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Grandfather Ernest G. This work has been published in the Teen Ink monthly print magazine.


It was a warm,sun-shining day.
Springtime scented the air,
a soft breezetouched my face,
quite unseasonal for mid-November.
Patches offlowers still lined the streets.
We laid my grandfather to rest thatday.

Before the procession began
I leaned over the casket tosay
one last good-bye.
Vibrant colors of leaves
displayedaround him,
Each with a name on it.
They represented his family,
thirteen children and
twenty-two grandchildren.

Untilthis point I had been strong,
maybe it was to support my father,
maybe I was just confused.
Standing there I could feel
myeyes, burning like a rapid fire.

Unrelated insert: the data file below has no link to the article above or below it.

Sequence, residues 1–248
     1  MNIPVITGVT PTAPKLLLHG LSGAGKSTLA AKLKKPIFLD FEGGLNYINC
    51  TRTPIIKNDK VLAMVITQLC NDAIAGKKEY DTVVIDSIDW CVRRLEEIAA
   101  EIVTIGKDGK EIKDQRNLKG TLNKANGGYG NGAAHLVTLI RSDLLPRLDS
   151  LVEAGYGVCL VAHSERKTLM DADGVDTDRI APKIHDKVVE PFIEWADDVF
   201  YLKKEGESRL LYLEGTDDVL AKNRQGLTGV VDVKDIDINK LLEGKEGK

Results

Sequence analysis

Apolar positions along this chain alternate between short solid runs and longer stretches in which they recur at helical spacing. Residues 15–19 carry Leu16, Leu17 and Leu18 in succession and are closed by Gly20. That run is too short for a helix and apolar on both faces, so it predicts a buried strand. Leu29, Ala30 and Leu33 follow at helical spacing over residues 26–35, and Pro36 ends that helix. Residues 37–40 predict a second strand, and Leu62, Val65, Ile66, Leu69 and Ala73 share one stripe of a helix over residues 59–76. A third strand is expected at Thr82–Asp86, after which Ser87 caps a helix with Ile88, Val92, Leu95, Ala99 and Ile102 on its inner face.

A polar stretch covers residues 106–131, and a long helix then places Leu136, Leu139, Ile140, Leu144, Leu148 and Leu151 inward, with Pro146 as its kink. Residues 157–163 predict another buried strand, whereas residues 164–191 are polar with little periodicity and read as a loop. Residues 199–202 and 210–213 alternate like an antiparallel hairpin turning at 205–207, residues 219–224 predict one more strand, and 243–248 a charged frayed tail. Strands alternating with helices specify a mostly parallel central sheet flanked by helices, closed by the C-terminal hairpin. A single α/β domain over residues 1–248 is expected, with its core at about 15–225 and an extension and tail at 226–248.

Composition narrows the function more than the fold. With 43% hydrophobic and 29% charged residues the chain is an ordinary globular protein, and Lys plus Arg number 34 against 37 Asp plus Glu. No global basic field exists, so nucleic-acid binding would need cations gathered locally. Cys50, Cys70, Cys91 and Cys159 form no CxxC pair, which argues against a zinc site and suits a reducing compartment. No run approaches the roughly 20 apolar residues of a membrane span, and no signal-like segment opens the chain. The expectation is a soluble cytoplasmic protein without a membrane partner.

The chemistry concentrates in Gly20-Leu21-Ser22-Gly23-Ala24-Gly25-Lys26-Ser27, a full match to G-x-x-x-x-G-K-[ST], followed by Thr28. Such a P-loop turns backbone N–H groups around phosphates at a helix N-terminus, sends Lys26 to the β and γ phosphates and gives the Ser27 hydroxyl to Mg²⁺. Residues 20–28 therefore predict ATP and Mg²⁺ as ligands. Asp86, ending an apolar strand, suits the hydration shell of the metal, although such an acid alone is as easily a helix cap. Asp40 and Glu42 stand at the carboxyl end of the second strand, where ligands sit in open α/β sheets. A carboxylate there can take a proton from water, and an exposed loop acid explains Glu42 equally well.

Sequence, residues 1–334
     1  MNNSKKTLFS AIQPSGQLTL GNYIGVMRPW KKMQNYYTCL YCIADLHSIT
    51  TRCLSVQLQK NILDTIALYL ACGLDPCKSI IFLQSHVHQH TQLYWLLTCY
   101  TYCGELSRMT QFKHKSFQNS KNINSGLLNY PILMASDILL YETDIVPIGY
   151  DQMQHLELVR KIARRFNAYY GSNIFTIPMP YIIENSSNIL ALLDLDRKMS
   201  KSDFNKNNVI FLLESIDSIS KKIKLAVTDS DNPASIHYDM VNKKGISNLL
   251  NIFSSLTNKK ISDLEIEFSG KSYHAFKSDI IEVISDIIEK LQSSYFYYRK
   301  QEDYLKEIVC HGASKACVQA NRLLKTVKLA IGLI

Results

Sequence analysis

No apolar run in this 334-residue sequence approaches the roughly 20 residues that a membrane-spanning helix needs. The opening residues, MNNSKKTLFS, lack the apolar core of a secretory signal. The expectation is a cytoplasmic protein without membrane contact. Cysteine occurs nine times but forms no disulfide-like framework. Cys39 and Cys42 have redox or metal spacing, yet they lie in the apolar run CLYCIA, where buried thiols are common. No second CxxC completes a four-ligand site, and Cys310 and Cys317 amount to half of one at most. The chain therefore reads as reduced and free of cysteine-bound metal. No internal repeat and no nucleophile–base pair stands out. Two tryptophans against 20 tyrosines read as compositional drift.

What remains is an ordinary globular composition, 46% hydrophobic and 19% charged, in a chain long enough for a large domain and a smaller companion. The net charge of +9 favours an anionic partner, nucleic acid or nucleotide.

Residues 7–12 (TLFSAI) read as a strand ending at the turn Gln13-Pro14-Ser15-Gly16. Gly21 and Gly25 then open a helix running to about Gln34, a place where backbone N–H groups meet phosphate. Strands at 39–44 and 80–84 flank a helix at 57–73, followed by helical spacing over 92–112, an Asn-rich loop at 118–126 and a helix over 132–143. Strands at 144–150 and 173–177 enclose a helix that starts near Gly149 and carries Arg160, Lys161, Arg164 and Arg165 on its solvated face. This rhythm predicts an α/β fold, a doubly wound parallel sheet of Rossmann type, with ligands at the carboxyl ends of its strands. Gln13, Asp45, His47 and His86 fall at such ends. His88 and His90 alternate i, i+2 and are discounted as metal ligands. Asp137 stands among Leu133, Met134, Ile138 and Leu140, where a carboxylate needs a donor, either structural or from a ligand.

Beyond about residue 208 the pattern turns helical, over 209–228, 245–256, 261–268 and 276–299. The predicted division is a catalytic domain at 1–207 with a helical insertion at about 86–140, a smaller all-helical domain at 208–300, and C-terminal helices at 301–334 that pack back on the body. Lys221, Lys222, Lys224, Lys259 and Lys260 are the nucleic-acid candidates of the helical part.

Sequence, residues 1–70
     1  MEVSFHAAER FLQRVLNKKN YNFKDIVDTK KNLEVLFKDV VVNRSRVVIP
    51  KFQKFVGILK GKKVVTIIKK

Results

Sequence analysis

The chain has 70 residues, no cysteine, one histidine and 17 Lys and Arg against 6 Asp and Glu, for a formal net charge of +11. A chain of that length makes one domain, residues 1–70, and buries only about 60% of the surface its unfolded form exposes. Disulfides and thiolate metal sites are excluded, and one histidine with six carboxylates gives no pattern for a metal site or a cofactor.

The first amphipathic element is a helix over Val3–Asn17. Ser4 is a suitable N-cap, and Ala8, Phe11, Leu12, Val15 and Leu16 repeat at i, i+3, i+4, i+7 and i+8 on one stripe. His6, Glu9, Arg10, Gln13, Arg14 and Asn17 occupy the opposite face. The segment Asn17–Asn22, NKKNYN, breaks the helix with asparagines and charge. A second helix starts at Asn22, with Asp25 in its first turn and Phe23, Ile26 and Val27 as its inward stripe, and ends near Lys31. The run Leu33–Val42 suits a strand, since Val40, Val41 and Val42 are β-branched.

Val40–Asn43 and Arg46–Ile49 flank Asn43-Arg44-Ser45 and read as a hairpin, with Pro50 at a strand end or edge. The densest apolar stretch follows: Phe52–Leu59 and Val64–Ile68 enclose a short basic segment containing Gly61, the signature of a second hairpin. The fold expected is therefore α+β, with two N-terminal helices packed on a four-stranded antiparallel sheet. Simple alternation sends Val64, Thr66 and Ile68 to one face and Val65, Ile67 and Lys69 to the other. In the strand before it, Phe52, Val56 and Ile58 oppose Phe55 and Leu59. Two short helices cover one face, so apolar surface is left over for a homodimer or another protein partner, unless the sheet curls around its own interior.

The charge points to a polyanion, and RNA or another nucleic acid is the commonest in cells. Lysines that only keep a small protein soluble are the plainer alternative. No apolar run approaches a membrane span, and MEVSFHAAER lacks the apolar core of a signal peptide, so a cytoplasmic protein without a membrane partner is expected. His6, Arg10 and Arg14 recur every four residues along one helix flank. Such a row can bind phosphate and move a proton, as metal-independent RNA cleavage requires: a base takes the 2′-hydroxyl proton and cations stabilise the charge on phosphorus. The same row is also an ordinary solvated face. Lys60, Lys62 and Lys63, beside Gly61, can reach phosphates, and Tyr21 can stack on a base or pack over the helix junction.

I tried to hold back, but the tears
started to run and I didn't move.
I just let them streak myshirt.

We all piled into our cars,
following the hearse downthe narrow,
winding roads of the small town.
The hearse wasshiny and white.
My grandfather was kind and innocent.

Weentered the cemetery,
stepped out of our cars,
and filed to thegrave.
My uncles, the six brothers,
carried the casket to theplot.

It wasn't often that they saw each other,
now they hadunited as one force
to help the man who
held the family togetherfor
so many years.
At the end of the service
my father wascalled forward.
Here I saw him cry for the
first time.
Hewas the oldest son and so
he received the flag of our country,
for my grandfather was a brave fighter
in World WarII.

As we headed home I thought
about that flag.
To methe threads represent
my grandparents bound together
foreternity in heaven.
The red and white stripes are the
thirteenchildren.
The stars are the grandchildren
and the futuregenerations of
the family.

Although a legend, and
hero inmy eyes, has gone,
his tradition and heritage will
live on.


This work has been published in the Teen Ink monthly print magazine. This piece has been published in Teen Ink’s monthly print magazine.






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